Gay marriage! It's not about sex you know! It is about ethical and legal Love. When our children come home to announce they are "in love", and intend to be married, we examine them very closely. "It's not just about sex, you know. Are you in love with this person for her or himself? You might have sex with anybody. You don't marry them for sex. Do you love this person's Self, Soul?; Does he or she love you for your true Self? Think, think, think!"
 Our contemporary task is to present an ethically relevant view of marriage, because the social conditions of the past do not hold for marriage today. That task has as its goal a common life share equally by two persons. The view of marriage as a form of life in community means that marriage contains within itself its own purpose. This statement involves a criticism of traditional teachings about marriage and touches on the heart of the contemporary debate. Again and again the attempt to define marriage in terms of specific goals has threatened marriage and brought it into crisis. That the view of marriage as an ethical legal community of loving persons contains its goal is beyond dispute, because it exists solely in their shared life together. A living marriage involves all the aspects of an individual's life, including the making of responsible decisions about conduct. Marriage as a continuing relationship involves the entire span of life and all its contents, because a person does not bring to the marriage specific goals that are to be realized with the help of marriage, but brings themselves. That is the reality of a life that is not at an individual's own disposal for the accomplishment of certain goals, but is rather the totality of the individual's own personal life.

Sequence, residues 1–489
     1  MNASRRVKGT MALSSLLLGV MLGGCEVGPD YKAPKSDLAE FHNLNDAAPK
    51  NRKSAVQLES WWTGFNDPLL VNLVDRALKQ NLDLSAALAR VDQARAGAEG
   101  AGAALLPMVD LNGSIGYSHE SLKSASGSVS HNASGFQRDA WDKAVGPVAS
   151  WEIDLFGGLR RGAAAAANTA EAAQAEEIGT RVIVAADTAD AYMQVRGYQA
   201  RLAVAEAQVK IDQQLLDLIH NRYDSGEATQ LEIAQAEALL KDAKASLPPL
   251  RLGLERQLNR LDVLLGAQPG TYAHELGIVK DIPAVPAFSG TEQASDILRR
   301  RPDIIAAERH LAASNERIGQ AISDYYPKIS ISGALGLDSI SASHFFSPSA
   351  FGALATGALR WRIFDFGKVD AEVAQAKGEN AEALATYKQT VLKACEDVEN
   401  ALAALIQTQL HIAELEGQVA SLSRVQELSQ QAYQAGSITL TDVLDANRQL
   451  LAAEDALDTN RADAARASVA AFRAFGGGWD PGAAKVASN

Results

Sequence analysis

Anyone who enters into a marriage undertakes to build and form a community that has not existed before in this distinctive and individual form. A marriage partner forms a new reality, not for or by himself or herself, but in and through community. Marriage constitutes something that might be called a trans-individual biography for the individuals who enter into it. This approach explains how it is that although marriage has been made to serve various goals that have changed through the course of history, the ethical structure of marriage could not be made ultimately dependent on these goals. Only the autonomy of marriage understood in an ethical sense enables us to understand how and why marriage can involve such differing goals. The traditional understanding of marriage has often been stated primarily in terms of its purposes. These include procreation, the continuation of an extended family, the amassing and preservation of property, and the formation of an economic unit. In the moral tradition, especially in the ascetic-sacramental tradition of confession, marriage was taught as an instrument for the regulation of sexual activity, the prevention of promiscuity, and the control of unchastity. The various doctrines of the purposes of marriage are extremely informative because they show that it is not possible to single out and establish any one purpose, or even any clear priority of purposes that could serve as a basis, that could serve as a basis for marriage as a living community. Rather, the opposite is the case. Any purpose that has been or could be mentioned can actually be established and achieved in some other way than through marriage.